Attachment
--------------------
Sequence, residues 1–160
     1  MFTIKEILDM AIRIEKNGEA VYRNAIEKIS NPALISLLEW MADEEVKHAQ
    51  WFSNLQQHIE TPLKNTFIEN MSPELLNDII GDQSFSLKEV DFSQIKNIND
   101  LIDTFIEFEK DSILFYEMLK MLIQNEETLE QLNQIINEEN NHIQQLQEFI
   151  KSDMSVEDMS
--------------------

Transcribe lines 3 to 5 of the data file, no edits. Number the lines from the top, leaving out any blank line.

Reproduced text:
    51  WFSNLQQHIE TPLKNTFIEN MSPELLNDII GDQSFSLKEV DFSQIKNIND
   101  LIDTFIEFEK DSILFYEMLK MLIQNEETLE QLNQIINEEN NHIQQLQEFI
   151  KSDMSVEDMS